Manuscripts should be submitted online at www.mdpi.com by registering and logging in to this website. Once you are registered, click here to go to the submission form. Manuscripts can be submitted until the deadline. All papers will be peer-reviewed. Accepted papers will be published continuously in the journal (as soon as accepted) and will be listed together on the special issue website. Research articles, review articles as well as short communications are invited. For planned papers, a title and short abstract (about 100 words) can be sent to the Editorial Office for announcement on this website.

Submitted manuscripts should not have been published previously, nor be under consideration for publication elsewhere (except conference proceedings papers). All manuscripts are thoroughly refereed through a single-blind peer-review process. A guide for authors and other relevant information for submission of manuscripts is available on the Instructions for Authors page. Sustainability is an international peer-reviewed open access semimonthly journal published by MDPI.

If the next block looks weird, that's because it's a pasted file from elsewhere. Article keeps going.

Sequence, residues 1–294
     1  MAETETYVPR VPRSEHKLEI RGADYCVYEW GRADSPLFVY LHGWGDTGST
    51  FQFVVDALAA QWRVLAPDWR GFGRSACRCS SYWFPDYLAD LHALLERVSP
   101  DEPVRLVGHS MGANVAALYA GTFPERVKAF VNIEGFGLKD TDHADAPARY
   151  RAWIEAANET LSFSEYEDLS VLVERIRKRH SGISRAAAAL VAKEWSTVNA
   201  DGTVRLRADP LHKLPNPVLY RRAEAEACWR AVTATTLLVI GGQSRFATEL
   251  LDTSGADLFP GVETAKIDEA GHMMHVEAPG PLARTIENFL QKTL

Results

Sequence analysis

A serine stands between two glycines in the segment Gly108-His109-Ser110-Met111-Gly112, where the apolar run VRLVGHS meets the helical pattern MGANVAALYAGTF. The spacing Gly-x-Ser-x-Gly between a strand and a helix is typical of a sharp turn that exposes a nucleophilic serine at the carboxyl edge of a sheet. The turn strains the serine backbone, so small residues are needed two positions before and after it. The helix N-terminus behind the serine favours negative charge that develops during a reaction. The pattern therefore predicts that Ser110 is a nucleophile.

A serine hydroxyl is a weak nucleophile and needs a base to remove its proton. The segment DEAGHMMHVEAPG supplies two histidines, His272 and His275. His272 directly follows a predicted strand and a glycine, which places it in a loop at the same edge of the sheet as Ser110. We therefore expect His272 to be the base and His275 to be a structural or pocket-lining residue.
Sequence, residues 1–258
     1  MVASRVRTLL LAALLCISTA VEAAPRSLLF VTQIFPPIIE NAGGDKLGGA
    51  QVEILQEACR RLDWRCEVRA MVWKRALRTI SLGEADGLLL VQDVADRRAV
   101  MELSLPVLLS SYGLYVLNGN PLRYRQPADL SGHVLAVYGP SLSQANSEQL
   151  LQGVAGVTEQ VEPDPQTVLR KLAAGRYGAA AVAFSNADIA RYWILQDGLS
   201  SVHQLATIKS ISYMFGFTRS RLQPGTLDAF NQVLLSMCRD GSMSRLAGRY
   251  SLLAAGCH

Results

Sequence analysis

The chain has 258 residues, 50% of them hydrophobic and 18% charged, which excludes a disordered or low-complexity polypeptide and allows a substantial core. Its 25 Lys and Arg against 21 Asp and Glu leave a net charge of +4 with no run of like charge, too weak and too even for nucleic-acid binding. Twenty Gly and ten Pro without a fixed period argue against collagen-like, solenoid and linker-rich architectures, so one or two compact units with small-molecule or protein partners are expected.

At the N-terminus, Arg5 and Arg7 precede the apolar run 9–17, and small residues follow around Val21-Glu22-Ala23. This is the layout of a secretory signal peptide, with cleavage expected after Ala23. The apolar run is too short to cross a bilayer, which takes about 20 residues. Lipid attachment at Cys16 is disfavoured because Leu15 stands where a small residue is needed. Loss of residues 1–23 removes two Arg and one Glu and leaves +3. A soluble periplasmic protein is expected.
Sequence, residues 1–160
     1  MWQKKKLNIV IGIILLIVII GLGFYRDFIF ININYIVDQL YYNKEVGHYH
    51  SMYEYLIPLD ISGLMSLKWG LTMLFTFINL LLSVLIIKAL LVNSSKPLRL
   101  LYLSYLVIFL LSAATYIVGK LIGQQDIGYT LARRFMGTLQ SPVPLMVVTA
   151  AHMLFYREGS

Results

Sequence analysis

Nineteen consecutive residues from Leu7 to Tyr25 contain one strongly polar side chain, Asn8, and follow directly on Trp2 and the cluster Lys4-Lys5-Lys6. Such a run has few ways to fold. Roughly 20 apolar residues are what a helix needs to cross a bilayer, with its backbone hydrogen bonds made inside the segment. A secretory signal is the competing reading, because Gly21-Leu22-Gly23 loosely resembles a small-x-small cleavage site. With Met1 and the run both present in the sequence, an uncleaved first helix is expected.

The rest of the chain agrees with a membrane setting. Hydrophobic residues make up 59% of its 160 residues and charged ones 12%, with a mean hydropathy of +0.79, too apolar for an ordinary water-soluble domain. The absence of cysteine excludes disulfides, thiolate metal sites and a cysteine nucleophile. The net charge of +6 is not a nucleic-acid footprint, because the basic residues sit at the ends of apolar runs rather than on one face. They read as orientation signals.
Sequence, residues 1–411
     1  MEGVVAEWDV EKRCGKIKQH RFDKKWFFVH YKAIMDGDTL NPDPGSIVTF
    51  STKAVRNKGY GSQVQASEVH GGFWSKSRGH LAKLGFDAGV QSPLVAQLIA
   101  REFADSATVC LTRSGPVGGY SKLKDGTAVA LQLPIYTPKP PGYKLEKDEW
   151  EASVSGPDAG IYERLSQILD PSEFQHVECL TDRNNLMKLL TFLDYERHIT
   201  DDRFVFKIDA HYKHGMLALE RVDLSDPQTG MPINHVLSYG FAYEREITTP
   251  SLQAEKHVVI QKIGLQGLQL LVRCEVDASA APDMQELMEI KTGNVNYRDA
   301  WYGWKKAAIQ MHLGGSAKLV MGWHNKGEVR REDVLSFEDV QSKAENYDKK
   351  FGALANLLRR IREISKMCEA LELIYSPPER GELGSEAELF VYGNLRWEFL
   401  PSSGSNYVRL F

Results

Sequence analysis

Please visit the Instructions for Authors page before submitting a manuscript. The Article Processing Charge (APC) for publication in this open access journal is 1800 CHF (Swiss Francs). Submitted papers should be well formatted and use good English. Authors may use MDPI's English editing service prior to publication or during author revisions.

Keywords

  • renewable fuels
  • biofuels
  • biodiesel
  • bioethanol
  • sustainability
  • green chemistry
  • green engineering
  • process intensification
  • bio-electrochemistry
  • microwave and ultrasound

Published Papers (2 papers)

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Research

Open AccessArticle
Biomass Power Generation Investment in China: A Real Options Evaluation
Sustainability 2016, 8(6), 563; https://doi.org/10.3390/su8060563 - 17 Jun 2016
Cited by 8
Abstract